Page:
Linzer Cookies

Linzer cookies

Sometimes one needs cookies that not only taste but also look spectacular. These delicious and festive cookies with a hint of cinnamon and a nuttiness from the almonds fit the bill.

The dough is relatively straightforward to put together, but the dough is somewhat tricky to handle and can get a bit soft if the kitchen is warm. The easiest solution is to place a few ice packs on the dough (which has been rolled out between the sheets of parchment paper). A few minutes should cool the dough to make it handleable again.

These are excellent cookies for making for a special occasion or for gifting. I was inspired to make them after making a big batch of berry jam and using some of it for the filling.  Under pressure from brat no. 2, some cookies were filled with  dark melted chocolate. Maybe not traditional, but equally delicious.

Feel free to replace the ground almonds with ground hazelnuts (would be a great match with a chocolate filling) or pistachios for a different flavour.

The original recipe came from the New York Times cookbook and needs little altering.

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Linzer Cookies
Cuisine Modern British
Prep Time 30 min
Cook Time 30 min
Passive Time 2 hours
Servings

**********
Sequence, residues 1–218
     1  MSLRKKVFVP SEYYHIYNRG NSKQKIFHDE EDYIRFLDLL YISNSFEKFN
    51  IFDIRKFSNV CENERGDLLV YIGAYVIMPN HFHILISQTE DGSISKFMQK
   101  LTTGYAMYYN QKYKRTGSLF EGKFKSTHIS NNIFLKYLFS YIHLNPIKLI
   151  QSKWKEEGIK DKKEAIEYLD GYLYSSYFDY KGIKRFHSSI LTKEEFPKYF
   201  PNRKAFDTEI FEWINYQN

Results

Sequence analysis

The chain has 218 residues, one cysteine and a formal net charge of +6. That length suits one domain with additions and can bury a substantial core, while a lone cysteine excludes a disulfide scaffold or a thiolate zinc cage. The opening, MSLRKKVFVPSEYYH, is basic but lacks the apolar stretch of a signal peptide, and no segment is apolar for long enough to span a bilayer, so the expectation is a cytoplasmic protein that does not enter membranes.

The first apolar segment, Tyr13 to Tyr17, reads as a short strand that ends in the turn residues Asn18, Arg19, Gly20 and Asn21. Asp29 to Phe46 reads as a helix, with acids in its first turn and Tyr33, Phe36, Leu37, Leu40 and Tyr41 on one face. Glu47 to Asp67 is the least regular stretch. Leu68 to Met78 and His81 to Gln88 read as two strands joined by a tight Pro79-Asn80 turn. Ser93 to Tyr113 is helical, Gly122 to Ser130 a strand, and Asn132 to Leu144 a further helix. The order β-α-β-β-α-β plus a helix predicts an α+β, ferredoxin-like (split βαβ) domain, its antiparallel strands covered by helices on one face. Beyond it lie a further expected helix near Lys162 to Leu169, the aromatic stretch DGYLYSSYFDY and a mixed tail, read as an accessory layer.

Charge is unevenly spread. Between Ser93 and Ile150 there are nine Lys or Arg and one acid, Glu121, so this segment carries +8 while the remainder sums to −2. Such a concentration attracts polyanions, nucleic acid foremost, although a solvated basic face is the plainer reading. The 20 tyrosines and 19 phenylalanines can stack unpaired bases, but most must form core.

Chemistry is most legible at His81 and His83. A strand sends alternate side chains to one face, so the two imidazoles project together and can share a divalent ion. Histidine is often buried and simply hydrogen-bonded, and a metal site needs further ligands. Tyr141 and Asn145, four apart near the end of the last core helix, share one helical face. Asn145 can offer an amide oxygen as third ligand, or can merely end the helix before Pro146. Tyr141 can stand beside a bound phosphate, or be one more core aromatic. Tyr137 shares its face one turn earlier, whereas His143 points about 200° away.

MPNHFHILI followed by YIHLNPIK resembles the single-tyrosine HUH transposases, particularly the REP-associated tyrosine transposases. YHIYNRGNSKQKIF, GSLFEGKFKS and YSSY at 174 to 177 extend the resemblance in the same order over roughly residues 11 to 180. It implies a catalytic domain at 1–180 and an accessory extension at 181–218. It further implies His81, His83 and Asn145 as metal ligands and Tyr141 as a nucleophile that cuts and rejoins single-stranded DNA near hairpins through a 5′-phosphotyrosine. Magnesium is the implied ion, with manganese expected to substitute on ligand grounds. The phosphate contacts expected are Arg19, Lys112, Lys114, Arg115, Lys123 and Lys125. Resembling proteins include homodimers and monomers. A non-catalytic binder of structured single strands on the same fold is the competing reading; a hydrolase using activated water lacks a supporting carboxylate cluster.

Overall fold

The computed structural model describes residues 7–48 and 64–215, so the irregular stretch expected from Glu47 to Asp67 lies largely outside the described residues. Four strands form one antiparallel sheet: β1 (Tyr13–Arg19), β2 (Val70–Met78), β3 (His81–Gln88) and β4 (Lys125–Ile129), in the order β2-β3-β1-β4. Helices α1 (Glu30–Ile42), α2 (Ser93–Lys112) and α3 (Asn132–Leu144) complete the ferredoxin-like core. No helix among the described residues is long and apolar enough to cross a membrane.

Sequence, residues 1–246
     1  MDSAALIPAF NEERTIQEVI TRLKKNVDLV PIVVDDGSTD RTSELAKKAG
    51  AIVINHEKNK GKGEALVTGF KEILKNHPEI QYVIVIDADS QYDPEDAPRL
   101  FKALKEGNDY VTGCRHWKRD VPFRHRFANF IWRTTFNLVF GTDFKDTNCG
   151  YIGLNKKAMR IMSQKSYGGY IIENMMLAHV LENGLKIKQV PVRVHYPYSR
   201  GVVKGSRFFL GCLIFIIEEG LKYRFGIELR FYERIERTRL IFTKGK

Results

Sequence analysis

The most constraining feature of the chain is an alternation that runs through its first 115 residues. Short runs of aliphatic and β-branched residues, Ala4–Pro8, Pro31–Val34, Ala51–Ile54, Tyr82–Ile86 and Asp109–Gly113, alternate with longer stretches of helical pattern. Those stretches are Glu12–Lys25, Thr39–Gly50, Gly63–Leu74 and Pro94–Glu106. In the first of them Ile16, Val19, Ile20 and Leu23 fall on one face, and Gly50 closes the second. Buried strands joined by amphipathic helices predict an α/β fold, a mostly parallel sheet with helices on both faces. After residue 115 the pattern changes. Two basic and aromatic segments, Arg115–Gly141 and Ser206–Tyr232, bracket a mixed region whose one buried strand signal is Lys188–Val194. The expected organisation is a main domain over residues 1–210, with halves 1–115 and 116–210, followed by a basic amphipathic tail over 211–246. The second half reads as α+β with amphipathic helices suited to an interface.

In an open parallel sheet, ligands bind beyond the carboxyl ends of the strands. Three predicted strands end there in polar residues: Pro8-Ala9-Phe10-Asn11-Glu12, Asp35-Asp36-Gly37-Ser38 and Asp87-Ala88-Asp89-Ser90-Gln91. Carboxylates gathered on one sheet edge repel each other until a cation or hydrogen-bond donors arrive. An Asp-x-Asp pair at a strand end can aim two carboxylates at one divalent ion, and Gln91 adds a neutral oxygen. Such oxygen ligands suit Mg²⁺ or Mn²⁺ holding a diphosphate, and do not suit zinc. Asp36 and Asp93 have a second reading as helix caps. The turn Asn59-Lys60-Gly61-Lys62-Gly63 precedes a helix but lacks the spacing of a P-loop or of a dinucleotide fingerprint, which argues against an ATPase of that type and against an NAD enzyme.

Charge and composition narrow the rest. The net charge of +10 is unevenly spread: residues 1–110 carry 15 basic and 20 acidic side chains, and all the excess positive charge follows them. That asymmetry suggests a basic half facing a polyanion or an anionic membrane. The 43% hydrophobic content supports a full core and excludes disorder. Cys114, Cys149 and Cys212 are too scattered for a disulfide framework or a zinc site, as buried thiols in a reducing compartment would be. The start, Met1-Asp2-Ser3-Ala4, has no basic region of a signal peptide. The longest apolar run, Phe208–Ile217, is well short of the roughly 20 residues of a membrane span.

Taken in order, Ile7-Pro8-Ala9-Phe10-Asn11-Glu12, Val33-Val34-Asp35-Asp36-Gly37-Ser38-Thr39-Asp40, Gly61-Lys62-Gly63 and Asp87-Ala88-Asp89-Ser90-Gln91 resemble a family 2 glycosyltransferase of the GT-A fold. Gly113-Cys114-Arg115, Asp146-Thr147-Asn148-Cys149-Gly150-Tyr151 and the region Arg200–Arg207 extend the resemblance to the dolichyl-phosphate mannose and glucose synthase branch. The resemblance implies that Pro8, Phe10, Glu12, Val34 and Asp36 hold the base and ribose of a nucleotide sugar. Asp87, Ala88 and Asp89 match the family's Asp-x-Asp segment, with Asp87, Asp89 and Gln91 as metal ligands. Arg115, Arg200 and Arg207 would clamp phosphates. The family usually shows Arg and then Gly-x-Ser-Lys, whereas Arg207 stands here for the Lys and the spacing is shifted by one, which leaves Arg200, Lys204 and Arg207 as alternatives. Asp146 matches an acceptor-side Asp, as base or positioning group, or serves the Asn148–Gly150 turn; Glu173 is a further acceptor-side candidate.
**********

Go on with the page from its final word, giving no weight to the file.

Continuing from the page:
filled cookies
Ingredients
Cuisine Modern British
Prep Time 30 min
Cook Time 30 min
Passive Time 2 hours
Servings
filled cookies
Ingredients
Instructions
  1. In a bowl, whisk together flour, ground almonds, cinnamon, baking powder and salt.
  2. Using a stand mixer or hand-held beater beat butter and sugar together on medium-high until the mixture is light, fluffy and pale, about 2 to 3 minutes. Scrape down the sides of the bowl and add in eggs, 1 at a time, beating well after each addition. Add vanilla extract, and beat until everything is well combined, again stopping to scrape down the bowl as necessary.
  3. Add in dry ingredients all at once and mix on low speed, just until incorporated. The dough will be very soft, but it will harden after chilling.
  4. Divide dough into 2 equal pieces, and wrap each piece in cling film, patting into a 1-inch-thick disk. Chill at least 2 hours. The dough can be refrigerated for 3-4 days.
  5. Heat oven to 160C (150 C fan) degrees. Working with 1 disk at a time, roll out the dough between 2 sheets of parchment paper so it's about 1/8 inch thick. (Because of the almonds, the dough may crack in places while you’re rolling it out. This is fine, just patch it up with scraps.)
  6. Using a round cookie cutter about 2" in diameter, cut out as many circles as possible. Take half of these circles and cut out a 3/4" hole (round or star) from the centre of the circles to form the top half of each cookie.
  7. If at any point the dough becomes too soft to cut and remove from parchment paper, slide it onto a cookie sheet and chill for a few minutes in the freezer or refrigerator or place ice packs on top. Gather any scraps of dough, combine them and roll them out, chilling as necessary. Transfer dough circles to a parchment-lined baking sheet spaced about 1-2" apart and place in the oven (as always, you can use multiple shelves for baking cookies on the fan setting).
  8. Bake for about 12 to 15 minutes, until the edges are golden brown. Remove and cool on a cooling tray/wire rack.
  9. Dust the tops of cookies (with the holes) with icing sugar.
  10. To assemble the cookies, spread about a teaspoon of the berry jam onto the flat sides of the larger circles and sandwich the sugar dusted tops.
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